November 22, 2016
Title: Graphons, mergeons, and so on!
Speaker: Justin Eldridge
A fundamental problem in the theory of graph clustering is that of defining a cluster. Given a graph, what is the correct clustering? There is no single answer to this seemingly simple question. However, in a statistical setting in which the graphs to be clustered come from some underlying probability distribution, it is natural to define the correct clusters in terms of the distribution itself. The goal of clustering, then, is to identify the appropriate cluster structure of the distribution, and to recover that structure from a finite sample.
In this talk, I will develop a statistical theory of graph clustering for the setting in which graphs are drawn from a so-called "graphon"; a very general and powerful random graph model of much recent interest. First, I will define the clusters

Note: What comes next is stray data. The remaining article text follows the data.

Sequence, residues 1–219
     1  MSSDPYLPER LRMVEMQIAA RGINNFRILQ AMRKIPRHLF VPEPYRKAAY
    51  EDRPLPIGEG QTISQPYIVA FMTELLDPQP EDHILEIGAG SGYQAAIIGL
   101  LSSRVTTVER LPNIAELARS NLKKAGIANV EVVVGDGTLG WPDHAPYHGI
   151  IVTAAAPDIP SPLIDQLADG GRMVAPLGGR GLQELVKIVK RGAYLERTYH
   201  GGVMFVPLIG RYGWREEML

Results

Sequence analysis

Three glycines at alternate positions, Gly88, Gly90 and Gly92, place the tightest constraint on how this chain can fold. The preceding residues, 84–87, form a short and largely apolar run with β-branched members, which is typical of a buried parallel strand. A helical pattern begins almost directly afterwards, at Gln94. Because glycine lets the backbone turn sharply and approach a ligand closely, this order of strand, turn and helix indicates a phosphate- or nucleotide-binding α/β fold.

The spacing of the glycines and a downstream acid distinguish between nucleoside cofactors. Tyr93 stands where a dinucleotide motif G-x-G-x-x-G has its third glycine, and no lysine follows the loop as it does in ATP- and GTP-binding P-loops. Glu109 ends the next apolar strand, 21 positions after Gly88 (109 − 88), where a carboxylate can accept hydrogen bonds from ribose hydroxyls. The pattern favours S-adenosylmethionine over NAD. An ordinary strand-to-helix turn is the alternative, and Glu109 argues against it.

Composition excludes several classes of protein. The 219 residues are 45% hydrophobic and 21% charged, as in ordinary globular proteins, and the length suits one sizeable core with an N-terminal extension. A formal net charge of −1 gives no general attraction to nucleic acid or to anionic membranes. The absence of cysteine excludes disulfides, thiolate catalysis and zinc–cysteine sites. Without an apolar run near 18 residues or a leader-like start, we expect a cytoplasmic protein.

of a graphon. The natural definition results in a graphon having a hierarchy of clusters, which we call the "graphon cluster tree". Next, I develop a notion of statistical consistency for estimators of the graphon cluster tree, in which a clustering method is said to be consistent if its output converges to the graphon cluster tree in a suitable metric. Finally, I will identify a specific, practical algorithm which consistently recovers the cluster tree.